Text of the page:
Kate Riga

Kate Riga is a news writer for Talking Points Memo based in New York City. Before joining TPM, Kate was the political reporter for The Southampton Press. She is a graduate of Georgetown University and a native of Philadelphia.

Articles by Kate

Rep. Louie Gohmert (R-TX) is deeply concerned, for no discernible reason, that Deputy Attorney General Rod Rosenstein is spying on him.

Fox News host David Asman said he’d heard of Gohmert’s worries about Rosenstein and asked for details Monday evening.

“I’ve been told in the past that there was great concern about who I saw, what I did,” Gohmert said. “That I was being monitored, and I was even told that you know everyone that walks into my office…After the 48-page expose I did on Mueller and holding people accountable that need to be accountable, I have to take these more seriously, that people have been telling me.”

Gohmert offered up no evidence to back up his claims, though he did go on to call for Rosenstein’s firing.

Watch below:

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Former colleagues of DHS Secretary Kirstjen Nielsen — from Georgetown University to her stint with the Bush administration to her homeland security career — have theories for why the wonky career bureaucrat they once knew has transformed into the poster child for the Trump administration’s most extreme immigration policies.

According to a Politico Magazine report, her behavior is baffling to some of those familiar with her personality.

“This almost Cruella de Vil press conference that she held was shocking to those of us who know her,” said Arick Wierson, Nielsen’s classmate at Georgetown. “That’s not the Kirstjen we know.”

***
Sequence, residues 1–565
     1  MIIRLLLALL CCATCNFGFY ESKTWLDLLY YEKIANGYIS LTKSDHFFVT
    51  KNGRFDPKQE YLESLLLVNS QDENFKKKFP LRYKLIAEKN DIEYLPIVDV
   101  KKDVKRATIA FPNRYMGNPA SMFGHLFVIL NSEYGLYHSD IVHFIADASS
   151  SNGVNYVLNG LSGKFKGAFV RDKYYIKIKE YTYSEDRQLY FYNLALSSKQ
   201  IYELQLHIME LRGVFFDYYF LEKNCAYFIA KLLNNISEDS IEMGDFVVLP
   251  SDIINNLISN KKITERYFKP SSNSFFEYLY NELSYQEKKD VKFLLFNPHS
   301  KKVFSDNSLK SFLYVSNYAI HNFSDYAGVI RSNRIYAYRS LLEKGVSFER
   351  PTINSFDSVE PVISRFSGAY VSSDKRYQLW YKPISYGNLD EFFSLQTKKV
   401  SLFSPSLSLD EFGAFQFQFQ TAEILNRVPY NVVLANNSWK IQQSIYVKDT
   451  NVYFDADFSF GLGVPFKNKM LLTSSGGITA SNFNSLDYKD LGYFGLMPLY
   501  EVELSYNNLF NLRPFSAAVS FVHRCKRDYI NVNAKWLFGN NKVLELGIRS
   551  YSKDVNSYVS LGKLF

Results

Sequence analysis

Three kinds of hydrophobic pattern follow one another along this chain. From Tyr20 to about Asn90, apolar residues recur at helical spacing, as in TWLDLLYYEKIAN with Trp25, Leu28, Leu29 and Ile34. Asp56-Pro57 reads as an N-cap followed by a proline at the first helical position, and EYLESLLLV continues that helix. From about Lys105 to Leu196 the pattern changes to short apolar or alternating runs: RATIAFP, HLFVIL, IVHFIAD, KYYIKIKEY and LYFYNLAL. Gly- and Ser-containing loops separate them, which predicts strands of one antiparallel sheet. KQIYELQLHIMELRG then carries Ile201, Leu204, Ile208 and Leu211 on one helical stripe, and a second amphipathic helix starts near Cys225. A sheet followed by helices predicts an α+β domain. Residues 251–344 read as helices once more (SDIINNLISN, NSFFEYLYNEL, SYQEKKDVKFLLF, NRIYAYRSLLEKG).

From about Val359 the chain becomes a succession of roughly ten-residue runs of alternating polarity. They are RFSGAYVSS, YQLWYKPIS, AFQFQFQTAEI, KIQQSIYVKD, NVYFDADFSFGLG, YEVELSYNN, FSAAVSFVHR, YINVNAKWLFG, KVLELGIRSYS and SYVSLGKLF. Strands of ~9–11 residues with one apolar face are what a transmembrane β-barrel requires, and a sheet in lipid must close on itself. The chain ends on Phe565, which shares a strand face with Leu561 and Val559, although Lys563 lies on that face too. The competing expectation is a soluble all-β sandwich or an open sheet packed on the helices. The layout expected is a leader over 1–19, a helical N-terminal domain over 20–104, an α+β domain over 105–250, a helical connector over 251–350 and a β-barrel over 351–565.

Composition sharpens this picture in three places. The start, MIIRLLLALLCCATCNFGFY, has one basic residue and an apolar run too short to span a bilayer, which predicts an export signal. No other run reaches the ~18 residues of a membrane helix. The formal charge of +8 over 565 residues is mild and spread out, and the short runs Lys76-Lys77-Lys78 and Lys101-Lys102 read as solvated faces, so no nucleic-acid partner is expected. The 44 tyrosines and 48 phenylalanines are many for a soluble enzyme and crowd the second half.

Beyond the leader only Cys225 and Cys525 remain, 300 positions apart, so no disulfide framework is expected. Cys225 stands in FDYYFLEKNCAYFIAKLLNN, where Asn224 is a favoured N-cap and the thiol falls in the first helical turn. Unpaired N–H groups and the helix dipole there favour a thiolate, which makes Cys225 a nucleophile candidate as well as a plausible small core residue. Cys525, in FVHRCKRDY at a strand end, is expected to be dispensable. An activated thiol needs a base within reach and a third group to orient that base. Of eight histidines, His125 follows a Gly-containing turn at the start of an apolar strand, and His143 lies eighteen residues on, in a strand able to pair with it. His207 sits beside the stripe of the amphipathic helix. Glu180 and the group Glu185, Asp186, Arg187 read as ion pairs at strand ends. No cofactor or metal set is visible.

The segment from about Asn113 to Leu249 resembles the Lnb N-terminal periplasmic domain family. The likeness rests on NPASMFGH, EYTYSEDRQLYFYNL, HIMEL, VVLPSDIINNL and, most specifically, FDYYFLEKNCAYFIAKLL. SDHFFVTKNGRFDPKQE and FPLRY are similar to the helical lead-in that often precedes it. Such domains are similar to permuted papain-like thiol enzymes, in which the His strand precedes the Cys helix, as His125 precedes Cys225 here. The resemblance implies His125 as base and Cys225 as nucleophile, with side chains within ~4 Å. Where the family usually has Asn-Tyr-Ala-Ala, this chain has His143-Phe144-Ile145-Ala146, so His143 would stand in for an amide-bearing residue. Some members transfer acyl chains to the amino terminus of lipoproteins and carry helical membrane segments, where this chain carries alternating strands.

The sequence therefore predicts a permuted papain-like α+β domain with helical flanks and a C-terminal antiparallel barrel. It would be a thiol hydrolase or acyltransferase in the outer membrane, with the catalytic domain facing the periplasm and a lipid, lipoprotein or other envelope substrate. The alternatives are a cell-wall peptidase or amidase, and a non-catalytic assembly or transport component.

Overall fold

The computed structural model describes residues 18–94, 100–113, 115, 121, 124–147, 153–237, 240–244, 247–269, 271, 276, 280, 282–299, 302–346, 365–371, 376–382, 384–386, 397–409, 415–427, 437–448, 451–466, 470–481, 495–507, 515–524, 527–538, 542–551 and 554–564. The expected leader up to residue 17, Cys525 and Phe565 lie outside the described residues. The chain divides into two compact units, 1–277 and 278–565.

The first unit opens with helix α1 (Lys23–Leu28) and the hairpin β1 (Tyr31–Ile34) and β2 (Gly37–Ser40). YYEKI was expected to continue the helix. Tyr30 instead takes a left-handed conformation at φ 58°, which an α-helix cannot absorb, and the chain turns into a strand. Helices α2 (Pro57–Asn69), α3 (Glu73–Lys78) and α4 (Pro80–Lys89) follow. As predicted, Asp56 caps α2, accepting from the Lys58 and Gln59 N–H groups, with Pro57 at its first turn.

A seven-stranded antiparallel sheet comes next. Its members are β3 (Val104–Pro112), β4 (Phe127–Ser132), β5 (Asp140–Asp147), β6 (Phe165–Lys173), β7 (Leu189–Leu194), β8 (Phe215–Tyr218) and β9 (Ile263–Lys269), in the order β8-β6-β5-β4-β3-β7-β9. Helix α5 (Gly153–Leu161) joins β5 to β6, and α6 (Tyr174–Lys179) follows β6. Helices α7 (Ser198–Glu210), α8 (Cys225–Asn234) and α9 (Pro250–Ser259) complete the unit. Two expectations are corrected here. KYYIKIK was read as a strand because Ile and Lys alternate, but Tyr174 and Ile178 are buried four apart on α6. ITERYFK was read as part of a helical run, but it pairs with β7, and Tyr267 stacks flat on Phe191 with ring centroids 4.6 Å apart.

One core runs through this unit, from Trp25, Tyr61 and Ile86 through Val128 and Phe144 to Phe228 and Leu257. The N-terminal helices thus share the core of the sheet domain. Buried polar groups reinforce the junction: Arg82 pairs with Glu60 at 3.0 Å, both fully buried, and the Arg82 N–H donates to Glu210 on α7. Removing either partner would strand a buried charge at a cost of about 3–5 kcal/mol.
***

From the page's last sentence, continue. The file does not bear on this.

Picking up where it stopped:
To others, the about-face can be interpreted as responsibility to stick with the turbulent administration and provide a sense of quiet calm from the inside.

“She is motivated by a sense of duty,” Thad Bingel, Nielsen’s colleague from the Bush administration, told Politico. “She really doesn’t care about getting credit, or in some cases the blame, just that the right result happens.”

Still, others interpreted her evolution as full-on careerism.

“She had a choice: She either loses this spectacular job, or she does the bidding of a President who is using these kids in a game of brinkmanship so he can get his wall,” one of her former homeland security coworkers told Politico.

Whatever her motivation, Nielsen seems to have won over President Donald Trump for now. But the DHS secretary will likely continue performing a delicate dance to appease her famously mercurial boss, with whom loyalty is fleeting and alliances can rise and fall in a matter of days.

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Rep. Jeff Denham (R-CA) has been repeatedly thwarted in his attempts to gain entry to an immigration detention facility for children age 13 and under in Pleasant Hill, California, according to a Monday McClatchy report.

He has reportedly been trying for a week to get in. He was given approval on Friday only to have it taken away over the weekend.

“Obviously, we want to know the plan to reunify those kids back with their parents,” Denham told McClatchy from outside the facility’s locked door.

Denham said that the facility’s staff had said that they needed a two-week warning before he could tour the facility. He pushed back, wanting to see the children before Congress is back in session, and voiced doubts about how pristine the conditions could be if the staff needs two weeks to prepare for a congressional visit.

“They knew that we were coming,” Denham told McClatchy. “We knew cameras most likely wouldn’t be allowed in, but if they wanted to show the conditions, and what a lovely facility they run, then why wouldn’t they want people to come in and report on it?”

Denham, who faces a tough reelection contest and criticism that visiting the facility is simply campaign showboating, said that he wouldn’t let the issue out of his teeth and intends to try to get into the center again before Congress is called back to session.

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In the never-ending stream of ethical scandals clouding EPA Administrator Scott Pruitt’s tenure, more bombshells dropped Monday and Tuesday as reports surfaced of Pruitt’s secret calendar, his jockeying to get his wife a cushy job and his manipulation of staffers to save himself money.